In this ogre-ridden, ocean-going summer of sequels, "Mr. Brooks" reps a classic case of counter-programming. Original, adult and starring Kevin Costner as a serial killer, this suspense thriller with a smirk may not break any B.O. records, but it should provide discriminating audiences the antidote they seek to Clooneys-and-Caribbean fever, while giving Costner's career a considerable kick in the credibility department.
In this ogre-ridden, ocean-going summer of sequels, “Mr. Brooks” reps a classic case of counter-programming. Original, adult and starring Kevin Costner as a serial killer, this suspense thriller with a smirk may not break any B.O. records, but it should provide discriminating audiences the antidote they seek to Clooneys-and-Caribbean fever, while giving Costner’s career a considerable kick in the credibility department.
Costner’s mere presence in this noirish Bruce A. Evans-helmed psycho-drama — which Costner also produced, with longtime partner Jim Wilson and co-writer Raynold Gideon — is an attention grabber. Although one of the actor’s best performances was as murderer Butch Haynes in Clint Eastwood’s “A Perfect World,” “Mr. Brooks” takes a tongue-in-cheek attitude toward murder and portrays its serial killer as an addicted personality, who tries 12-stepping his way to a less-murderous lifestyle.
It would have been an entirely different movie with a more conventional star — Anthony Hopkins springs to mind (as does “Silence of the Lambs”). But Costner delivers a complex cocktail of aloofness, insecurity and reluctant threat, which makes a novel script into something even more unusual.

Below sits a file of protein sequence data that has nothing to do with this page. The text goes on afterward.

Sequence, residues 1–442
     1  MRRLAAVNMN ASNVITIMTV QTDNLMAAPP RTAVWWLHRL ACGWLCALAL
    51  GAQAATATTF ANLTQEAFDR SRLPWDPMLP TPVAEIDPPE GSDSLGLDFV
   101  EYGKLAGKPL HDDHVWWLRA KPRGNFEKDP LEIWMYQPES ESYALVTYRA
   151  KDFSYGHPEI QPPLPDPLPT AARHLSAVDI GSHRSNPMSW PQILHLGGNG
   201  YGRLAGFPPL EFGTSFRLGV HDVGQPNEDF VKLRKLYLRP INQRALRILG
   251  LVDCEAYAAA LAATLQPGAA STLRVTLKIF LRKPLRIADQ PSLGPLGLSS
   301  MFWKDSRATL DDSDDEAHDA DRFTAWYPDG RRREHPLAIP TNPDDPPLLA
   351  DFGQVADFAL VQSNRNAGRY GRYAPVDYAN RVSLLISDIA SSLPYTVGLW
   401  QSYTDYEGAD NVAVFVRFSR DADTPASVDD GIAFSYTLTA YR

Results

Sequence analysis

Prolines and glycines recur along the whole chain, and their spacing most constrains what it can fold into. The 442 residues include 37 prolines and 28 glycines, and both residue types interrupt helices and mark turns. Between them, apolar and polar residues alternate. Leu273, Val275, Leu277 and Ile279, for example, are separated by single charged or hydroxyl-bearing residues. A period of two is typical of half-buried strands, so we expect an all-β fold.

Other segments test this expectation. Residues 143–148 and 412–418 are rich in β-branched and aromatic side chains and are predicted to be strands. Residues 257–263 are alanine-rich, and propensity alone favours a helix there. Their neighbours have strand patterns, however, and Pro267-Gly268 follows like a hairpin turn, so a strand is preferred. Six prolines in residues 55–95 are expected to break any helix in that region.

Add Demi Moore as the detective on the killer’s trail — another case of mid-career adjustment — and “Mr. Brooks” becomes as much about perception as it is a peculiar take on reality. By all appearances, Earl Brooks is a pillar of his community. He even receives Man of the Year honors from an unnamed group in his unnamed city, as his wife, Emma (Marg Helgenberger) looks on adoringly. What none of the town folk–including Emma–know is that Earl has been murdering people for years — expertly, strategically, cold-bloodedly.
Although he’s been keeping his homicidal demons at bay by attending AA meetings, his conscience — which has a name, Marshall, and is played by William Hurt — is prodding him to break his tenuous self-imposed sobriety and spill fresh blood.
Enter the subplots: Tracy Atwood (Moore) is a predictably hard-as-nails detective who lost the so-called “Thumbprint Killer’s” trail two years earlier and has other things on her mind — for one, a gold digging, soon-to-be-ex-husband (Jason Lewis).
Earl, too, has tangential concerns: A daughter (Danielle Panabaker), who may or may not have inherited his serial-killer gene (the science of “Mr. Brooks” may leave some viewers bewildered). And once he falls off the wagon, killing a pair of dancers in their uncurtained bedroom, Mr. Brooks acquires a kind of apprentice, Mr. Smith (Dane Cook), who saw what Earl did and wants to go along for the thrill ride.
There are also a pair of crystal-meth freaks out to avenge themselves on Tracy, which provides the film its few shoot-’em-up moments and a car crash or two.
But “Mr. Brooks” is most effective when it’s dealing with Earl and his conscience. Hurt and Costner are terrific together as two sides of the same personality and, again, the casting is what it’s all about. Marshall could have been portrayed as a grotesque monster, but instead, he’s a very close complement to Earl — similar in age, temperament and physique.
John Lindley’s subtle cinematography superbly delivers a morally dark film. Production values in general are topnotch.